The forest extends in all directions from Svanvik. It marches north towards the Barents Sea, but then it falters and never quite reaches the coast. For, at these high latitudes, the taiga tussles with the tundra. Moving north, the cold tundra always wins.
To the east is Russia where industry nibbles at the edge of the forest and dusts the trees with noxious chemicals. To the west and south, a vast scatter of lakes breaks up the forest landscape.
Some forests are monotonous. But not those of the Pasvik Valley. These are forests with character. Often it is Scots pine which dominates, but elsewhere there are willows, aspen, rowans and birch. Siberian spruce and red cotton grass give a hint of the east, a reminder that the taiga forests stretch east to the Urals and beyond.
This landscape is coloured by the seasons. But it is also a landscape shaded by nostalgia and ambiguity. An island in the River Pasvik, not far south of Svanvik, is called Gravholmen — Cemetery Island. On the island there is a narrow yellow pillar capped with a black top. It is a reminder that this is the very edge of Norway. A few metres away across the water, on another fragment of land in the meandering river, there is another plinth of similar dimensions to that on Gravholmen, but this one is coloured with alternating horizontal bands of red and green, a visual mark in the landscape that here is the start of the Russian Federation.
Some forests are monotonous. But not those of the Pasvik Valley. These are forests with character.
In winter, when the waters of the Pasvik often freeze, snowmobilers make tracks up the valley, taking care not to trans gress the invisible line that marks the border between Norway’s easternmost county of Finnmark and Russia’s Mur mansk Oblast.
This is one of Europe’s most interesting border areas and a region that is remarkably multicultural. There is a long history of Finnish settlement along the Barents Sea coast and in its hinterland. Throughout northern Norway and east to the Murman coast of Russia, Finns have left their mark on the landscape and still contribute today to a complex cultural mosaic. These Finnish settlers in the far north are often called Kvens — it’s a label they use to describe themselves.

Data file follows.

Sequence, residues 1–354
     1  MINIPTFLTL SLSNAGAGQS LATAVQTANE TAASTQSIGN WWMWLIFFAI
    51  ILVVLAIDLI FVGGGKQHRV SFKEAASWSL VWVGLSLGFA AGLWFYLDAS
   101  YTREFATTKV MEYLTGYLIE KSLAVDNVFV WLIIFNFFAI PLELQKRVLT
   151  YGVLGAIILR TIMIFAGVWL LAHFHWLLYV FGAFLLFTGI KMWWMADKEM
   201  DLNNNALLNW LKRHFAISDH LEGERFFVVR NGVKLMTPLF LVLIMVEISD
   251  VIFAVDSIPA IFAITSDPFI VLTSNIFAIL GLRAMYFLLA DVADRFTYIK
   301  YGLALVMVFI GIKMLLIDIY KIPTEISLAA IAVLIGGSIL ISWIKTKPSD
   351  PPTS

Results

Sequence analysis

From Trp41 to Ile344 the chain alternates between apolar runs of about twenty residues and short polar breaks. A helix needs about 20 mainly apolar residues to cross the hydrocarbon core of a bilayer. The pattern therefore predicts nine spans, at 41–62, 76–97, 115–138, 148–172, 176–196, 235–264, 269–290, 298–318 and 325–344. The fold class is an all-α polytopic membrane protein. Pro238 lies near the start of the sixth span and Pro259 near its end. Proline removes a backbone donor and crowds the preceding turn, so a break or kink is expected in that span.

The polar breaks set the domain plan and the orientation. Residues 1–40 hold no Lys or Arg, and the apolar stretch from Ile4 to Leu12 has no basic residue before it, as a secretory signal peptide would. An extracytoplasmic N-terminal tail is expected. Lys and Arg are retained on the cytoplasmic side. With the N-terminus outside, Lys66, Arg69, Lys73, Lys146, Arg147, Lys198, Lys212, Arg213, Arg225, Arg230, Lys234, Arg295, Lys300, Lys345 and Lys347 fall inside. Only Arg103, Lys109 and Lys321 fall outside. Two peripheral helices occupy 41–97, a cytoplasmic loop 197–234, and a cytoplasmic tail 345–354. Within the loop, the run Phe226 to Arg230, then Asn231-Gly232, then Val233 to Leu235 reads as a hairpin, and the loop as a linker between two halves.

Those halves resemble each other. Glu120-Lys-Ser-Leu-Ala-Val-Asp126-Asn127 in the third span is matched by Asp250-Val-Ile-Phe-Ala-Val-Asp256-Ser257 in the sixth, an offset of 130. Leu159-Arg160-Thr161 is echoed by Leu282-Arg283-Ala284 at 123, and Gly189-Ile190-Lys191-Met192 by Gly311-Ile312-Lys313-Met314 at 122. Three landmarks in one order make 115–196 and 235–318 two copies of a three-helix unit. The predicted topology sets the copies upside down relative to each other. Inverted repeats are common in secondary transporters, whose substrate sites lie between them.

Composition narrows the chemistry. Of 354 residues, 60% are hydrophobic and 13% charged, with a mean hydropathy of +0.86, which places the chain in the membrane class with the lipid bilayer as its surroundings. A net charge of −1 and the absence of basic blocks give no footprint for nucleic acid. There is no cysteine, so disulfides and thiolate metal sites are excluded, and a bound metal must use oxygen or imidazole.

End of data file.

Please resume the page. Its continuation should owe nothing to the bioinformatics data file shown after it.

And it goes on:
Kvens mingled on the coast with Pomor traders from the east. Norwegians added to the cultural mix, staking their claim to the region by building churches and schools and encouraging homesteaders to move up to the Barents region from the south. People moved freely through the forests and along the coast, taking their cue from the seasons and, in the case of the local Sami population, also from their reindeer.
The Samis are the ultimate transgressors when it comes to borders. They wandered at will for centuries until at last they were hemmed in by modernity. The story of the Pasvik Valley and its surroundings is typical of many narratives from this region. Strike out beyond the narrow confines of the valley towards the Murman coast (Russia), the Varanger Peninsula (Norway) and Lake Inari (Finland) and you’ll find an intriguing mix of cultures and languages. Everywhere there is the shadow of the Sami.
Ground Zero or Hill 96
“Go out to the cemetery,” said the Norwegian who paused on his quad bike as we stood by the abandoned homestead at Bjørklund. The cluster of wooden farm buildings, once home to the Fætten family who in 1870 moved to the Pasvik Valley from Folldal in southern Norway, stands on the bank of the river — with Russia just a stone’s throw away on the opposite bank. The empty buildings are forlorn reminders of broken hopes, testaments to the fact that the wilderness will always inevitably win in this remote valley.